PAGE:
Today's post is by Donal Daly, CEO of The TAS Group.
Effective qualification, as an integral part of the sales process, is a supremely valuable tool not just for the sales organization but for the company overall. Remember, there are really only two reasons why you lose a sale: 1) you shouldn’t be there in the first place, i.e., this is a deal you should not win, or 2) you were outsold. If marketing and sales are aligned when outlining the profile of the ideal target customer, then a lot of the pain associated with the first reason goes away. You’ve targeted the customer correctly; so, yes, if there is an opportunity, the salesperson should have a good chance of winning it, unless he or she is outsold by a competitor. But winning the sale is not about just identifying the right customer profile. We also need to understand whether there is really an opportunity to win. (This is one of the four key questions that are part of TAS from The TAS Group.)
Unless you have a crystal ball, you cannot forecast accurately if you don’t qualify properly. Poor qualification leads to missed numbers and surprise sales losses. If internal resources are allocated based on your pipeline, your credibility is seriously damaged, and your customers will slip down the priority list when internal resources are allocated. Then neither sales nor marketing knows where to spend time.
Link precise qualification with your sales-process stages and pipeline management, and then you know what’s going on. (If you need to create a new sales process, or optimize the one you currently use, you can create a customized sales process for free at Dealmaker Genius.)
Depending on the questions you ask and the information you glean, you can determine how likely the sale is to close. Consider the following list of questions. Depending on how you structure the interaction between sales and marketing, whether you use inside sales or telemarketing, and how you define a qualified lead or opportunity will all help you determine whether these questions should be asked by marketing or sales.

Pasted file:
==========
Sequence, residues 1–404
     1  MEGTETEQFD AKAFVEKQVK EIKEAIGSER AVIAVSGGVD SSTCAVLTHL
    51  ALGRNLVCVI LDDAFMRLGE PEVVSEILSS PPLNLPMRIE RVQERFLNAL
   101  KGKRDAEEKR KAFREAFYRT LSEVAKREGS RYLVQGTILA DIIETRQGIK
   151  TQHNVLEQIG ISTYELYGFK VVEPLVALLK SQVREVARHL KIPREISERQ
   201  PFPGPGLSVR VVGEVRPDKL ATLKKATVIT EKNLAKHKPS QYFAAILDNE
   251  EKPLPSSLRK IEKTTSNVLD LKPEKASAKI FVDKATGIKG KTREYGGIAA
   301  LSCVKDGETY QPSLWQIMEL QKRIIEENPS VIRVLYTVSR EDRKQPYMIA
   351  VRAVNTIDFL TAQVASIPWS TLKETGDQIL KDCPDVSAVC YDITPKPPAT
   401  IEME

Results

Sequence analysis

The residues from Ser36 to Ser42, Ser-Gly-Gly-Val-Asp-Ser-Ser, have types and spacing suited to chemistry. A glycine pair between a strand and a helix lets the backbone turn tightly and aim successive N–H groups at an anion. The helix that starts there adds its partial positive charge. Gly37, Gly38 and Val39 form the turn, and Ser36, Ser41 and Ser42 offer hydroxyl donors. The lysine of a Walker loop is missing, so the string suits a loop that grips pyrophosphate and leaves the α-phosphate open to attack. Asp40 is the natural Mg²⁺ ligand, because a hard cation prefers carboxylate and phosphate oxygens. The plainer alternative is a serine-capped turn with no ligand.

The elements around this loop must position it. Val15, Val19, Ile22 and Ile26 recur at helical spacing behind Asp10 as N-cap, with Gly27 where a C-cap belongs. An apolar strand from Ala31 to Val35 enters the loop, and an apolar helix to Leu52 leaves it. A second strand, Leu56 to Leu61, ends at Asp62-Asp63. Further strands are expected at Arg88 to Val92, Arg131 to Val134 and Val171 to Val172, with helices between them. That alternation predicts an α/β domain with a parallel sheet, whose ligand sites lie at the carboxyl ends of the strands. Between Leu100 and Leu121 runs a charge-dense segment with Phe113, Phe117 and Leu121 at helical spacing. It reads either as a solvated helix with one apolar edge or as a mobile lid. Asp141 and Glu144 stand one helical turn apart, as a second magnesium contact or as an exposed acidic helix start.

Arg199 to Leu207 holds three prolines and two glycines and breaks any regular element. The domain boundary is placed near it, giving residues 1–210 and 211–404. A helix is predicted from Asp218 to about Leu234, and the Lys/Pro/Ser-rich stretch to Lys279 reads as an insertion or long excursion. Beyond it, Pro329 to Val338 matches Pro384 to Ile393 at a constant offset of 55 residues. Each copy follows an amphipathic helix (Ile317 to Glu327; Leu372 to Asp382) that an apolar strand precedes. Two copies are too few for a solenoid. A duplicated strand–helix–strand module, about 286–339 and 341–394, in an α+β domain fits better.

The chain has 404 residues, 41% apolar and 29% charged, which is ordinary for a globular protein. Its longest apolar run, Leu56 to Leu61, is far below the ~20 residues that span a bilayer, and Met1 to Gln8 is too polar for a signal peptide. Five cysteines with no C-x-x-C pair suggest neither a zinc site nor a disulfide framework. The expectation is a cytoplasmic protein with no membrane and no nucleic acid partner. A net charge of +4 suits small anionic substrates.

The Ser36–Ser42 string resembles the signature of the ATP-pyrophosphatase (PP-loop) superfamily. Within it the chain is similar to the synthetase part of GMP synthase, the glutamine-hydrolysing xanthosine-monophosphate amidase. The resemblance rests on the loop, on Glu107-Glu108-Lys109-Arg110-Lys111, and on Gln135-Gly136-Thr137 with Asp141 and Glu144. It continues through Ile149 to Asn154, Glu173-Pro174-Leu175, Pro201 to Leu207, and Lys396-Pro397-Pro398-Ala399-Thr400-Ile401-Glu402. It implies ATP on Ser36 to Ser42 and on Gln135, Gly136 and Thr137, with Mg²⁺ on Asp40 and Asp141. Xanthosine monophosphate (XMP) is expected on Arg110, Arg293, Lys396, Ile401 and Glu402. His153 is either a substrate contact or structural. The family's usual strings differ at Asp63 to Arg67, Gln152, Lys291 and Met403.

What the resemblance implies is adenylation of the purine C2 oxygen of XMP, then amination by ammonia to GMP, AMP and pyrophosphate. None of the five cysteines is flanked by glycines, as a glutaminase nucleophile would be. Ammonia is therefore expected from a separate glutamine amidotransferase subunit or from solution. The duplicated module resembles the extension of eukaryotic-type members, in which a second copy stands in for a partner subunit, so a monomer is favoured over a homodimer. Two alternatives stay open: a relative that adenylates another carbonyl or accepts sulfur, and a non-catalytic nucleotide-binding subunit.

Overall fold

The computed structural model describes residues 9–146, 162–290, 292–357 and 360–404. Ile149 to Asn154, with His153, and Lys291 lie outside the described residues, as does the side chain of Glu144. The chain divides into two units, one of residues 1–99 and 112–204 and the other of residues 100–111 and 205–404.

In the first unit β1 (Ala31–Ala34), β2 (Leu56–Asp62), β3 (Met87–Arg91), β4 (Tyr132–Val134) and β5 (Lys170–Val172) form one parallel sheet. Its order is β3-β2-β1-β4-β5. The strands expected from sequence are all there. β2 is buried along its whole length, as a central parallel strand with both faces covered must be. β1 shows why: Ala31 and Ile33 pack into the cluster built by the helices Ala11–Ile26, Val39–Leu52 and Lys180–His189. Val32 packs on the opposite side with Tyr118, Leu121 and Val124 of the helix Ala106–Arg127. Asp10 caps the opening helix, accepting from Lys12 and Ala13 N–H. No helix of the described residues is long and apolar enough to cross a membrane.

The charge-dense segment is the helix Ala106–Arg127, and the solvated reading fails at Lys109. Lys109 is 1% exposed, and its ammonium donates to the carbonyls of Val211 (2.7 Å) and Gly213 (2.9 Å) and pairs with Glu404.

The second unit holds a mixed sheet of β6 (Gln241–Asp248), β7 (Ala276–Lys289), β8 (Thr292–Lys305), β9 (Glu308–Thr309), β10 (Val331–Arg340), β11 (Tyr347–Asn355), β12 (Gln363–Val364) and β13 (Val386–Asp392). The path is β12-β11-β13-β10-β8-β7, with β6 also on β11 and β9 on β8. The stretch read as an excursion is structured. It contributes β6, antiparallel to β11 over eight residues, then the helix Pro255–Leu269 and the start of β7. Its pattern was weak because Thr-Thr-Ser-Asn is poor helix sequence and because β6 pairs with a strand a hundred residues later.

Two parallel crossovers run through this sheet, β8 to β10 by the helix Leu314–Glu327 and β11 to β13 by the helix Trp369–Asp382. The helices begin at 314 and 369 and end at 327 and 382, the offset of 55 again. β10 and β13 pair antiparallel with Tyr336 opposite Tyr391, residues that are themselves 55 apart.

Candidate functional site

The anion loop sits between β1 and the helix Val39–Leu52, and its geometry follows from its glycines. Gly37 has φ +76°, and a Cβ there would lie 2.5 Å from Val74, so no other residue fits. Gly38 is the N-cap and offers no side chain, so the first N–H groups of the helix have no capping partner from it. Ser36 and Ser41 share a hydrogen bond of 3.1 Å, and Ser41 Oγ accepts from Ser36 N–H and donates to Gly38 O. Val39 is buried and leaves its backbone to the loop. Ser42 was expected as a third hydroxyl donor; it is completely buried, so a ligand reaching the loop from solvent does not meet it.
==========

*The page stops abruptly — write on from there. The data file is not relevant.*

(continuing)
- Does the customer have an identified project?
- Is budget allocated?
- Do you know the compelling event that will motivate the customer to buy?
- Are all of the influencers identified?
- What roles do those influencers play?
- Have you won this type of business before?
- Can you win this one?
- What’s your source of information?
- Are there any competing projects?
- Is there a date by which this project has to be completed?
- Is this a competitive opportunity, and what is your competitive advantage?
- Do you fully understand the buyer’s needs?
- Can you meet those needs competitively?
- Does it matter if the project slips a few months? (If so, you might question whether it is worth the time now.)
- What’s the downside for the company if it doesn’t proceed with the purchase of a product such as yours?
Qualification is not an event. It’s an ongoing process. As buyers evaluate you, you must continue to qualify them. If you are a value creator during the evaluation, you’ve earned the right to probe deeper into the opportunity. The qualification process involves establishing the rules of engagement and laying the groundwork for control of the sales process. You must make sure that you question for objective and accurate answers. Ask the same question of different influencers in the account, and you will be surprised at what you learn about the perspective of each role. You need to be sure that you’re working on a real opportunity.
One of the main benefits of disciplined qualification is a pipeline that’s credible and a forecast you can stand over and deliver, and this is where sales and marketing need to be totally aligned.
When does a target become a qualified prospect that warrants extensive sales effort? Marketing can put in place a rigorous lead- or opportunity-qualification process, agreed with sales, so that the salesperson is truly motivated to quickly pursue targets that marketing identifies.
How many qualified prospects do you need at each stage of the pipeline to meet your quota? When you know sales quota and the rate at which deals progress through the funnel, examining the current value of each stage in the funnel can provide indicators of when a shortfall exists.
What is the specific evidence you need to determine whether a deal is likely to close? Marketing and sales need to work together on the verifiable outcomes in each stage of the sales process, and marketing must consider what sales tools are required to help the sales team achieve those outcomes.
As you are getting to that final negotiation stage, what’s the impact of poor qualification on your ability to strike a good deal? What sales and marketing effort do you need to make to ensure that risk is minimized at this stage of the deal?Qualification is a shared function between sales and marketing, and that recognition tends to focus the activities that marketing undertakes beyond just throwing a lead over the fence.